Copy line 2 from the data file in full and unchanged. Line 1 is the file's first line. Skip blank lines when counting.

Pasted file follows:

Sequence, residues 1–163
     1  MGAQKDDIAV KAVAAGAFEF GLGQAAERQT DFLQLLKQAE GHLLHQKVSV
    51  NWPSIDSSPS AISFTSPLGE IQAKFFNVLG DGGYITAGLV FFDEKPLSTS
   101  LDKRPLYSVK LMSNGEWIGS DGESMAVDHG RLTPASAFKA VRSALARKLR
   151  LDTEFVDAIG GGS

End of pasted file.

     1  MGAQKDDIAV KAVAAGAFEF GLGQAAERQT DFLQLLKQAE GHLLHQKVSV